soft foods -purees phase three

After three weeks on liquids you will graduate to eating soft or blended foods. These are foods that dissolve easily in the mouth. The key here is to keep the texture and consistency of baby food. Remember your tummy is quite small and does not work as efficient at digestion as your old tummy; you will need to “baby” it for a while.

 

This phase should included foods that are creamy and smooth, but provide greater variety of foods and more nutrition. Foods should be eaten in small bites chewed well or pureed in the mouth before swallowing.

 

Protein continues to be a key concern at this stage. You need to have a protein serving at each meal and continue to have at least 3 (15grams) protein drinks a day or 4 (12 grams) Optisource drink containers a day. Can have one Optisource high protein chocolate bar snack as a substitute for one drink a day.

 

Be sure you’re getting enough liquids between meals and remember to wait at least 30 minutes to an hour to resume fluids, the longer the better.

 

Compliance to these guidelines cannot be overemphasized in order to avoid negative consequences, discomfort, vomiting, medical complications and emergencies.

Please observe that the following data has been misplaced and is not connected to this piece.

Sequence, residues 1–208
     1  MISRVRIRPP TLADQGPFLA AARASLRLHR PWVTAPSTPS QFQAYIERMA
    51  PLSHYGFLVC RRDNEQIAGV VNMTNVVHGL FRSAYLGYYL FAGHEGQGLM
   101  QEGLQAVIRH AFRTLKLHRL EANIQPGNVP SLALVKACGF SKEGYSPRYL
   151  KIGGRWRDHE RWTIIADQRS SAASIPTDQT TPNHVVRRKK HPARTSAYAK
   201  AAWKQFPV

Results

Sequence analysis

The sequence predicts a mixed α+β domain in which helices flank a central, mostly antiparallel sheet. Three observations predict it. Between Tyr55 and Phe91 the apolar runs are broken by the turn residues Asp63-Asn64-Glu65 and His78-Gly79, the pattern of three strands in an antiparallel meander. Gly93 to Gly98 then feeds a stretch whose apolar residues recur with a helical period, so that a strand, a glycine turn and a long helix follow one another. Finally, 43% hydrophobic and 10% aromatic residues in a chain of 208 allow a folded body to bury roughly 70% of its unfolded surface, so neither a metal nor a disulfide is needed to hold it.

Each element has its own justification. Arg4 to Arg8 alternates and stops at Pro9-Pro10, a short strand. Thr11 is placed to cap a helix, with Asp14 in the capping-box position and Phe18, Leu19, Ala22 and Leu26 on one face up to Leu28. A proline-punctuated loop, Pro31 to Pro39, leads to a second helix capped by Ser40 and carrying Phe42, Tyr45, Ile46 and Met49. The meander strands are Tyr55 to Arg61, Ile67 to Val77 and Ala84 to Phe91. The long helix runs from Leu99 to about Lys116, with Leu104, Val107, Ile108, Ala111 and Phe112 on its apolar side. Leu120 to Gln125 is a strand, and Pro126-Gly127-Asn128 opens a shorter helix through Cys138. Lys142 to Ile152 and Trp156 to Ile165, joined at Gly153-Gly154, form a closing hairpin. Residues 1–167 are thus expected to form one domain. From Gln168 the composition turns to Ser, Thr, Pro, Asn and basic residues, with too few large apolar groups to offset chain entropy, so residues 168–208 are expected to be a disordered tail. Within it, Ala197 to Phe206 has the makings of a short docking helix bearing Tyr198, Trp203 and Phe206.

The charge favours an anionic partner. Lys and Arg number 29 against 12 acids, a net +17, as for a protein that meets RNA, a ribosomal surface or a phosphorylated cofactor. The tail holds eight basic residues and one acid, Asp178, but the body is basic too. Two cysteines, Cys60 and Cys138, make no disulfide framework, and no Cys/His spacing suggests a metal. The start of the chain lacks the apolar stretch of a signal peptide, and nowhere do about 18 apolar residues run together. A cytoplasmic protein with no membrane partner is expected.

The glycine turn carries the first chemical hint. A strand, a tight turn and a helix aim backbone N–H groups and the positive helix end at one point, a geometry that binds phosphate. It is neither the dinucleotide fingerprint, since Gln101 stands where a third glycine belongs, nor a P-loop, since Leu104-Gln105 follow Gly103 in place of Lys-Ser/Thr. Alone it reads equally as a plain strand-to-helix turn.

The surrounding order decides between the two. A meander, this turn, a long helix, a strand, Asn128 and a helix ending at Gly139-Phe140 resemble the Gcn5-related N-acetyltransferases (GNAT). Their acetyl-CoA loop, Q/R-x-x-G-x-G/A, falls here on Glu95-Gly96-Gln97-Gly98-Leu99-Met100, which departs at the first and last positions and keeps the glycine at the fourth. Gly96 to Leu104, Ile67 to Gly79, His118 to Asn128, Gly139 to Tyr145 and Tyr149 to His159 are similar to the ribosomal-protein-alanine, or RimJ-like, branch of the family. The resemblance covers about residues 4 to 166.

Food tolerance or intolerance is very individual and may vary from person to person. Foods that cause problems can be identified and avoided. In her book, “Living a Lighter Lifestyle” by author, Dr. Gaye Andrews, suggests: IF foods seem to cause problems in the beginning it might help to eat the very softest foods first, such as foods that are more liquidity, and then add more solid foods that digest more slowly, to be eaten last. The order would look something like this: jell-o, mashed or creamed potatoes, soft vegetables, and meat. Remember eating proteins first is recommended and important to get in, eating meat last is only suggested if problems occur otherwise.

 

* Don’t forget the protein shakes and supplements.

 

Time: You will be on this phase for 3 weeks.

Your portion size: ½ cup

Selections: Select one serving from carbohydrates and one serving from proteins for each meal. It is very important that you choose both protein and carbs; you will need some carbohydrate for energy, so do not skip this. If you do not eat carbs at all, the body will turn muscle into sugar and you will lose hair and muscle.  Your body will also "steal" protein in which to make carbs and sugars, to feed the brain, which depletes your protein efforts.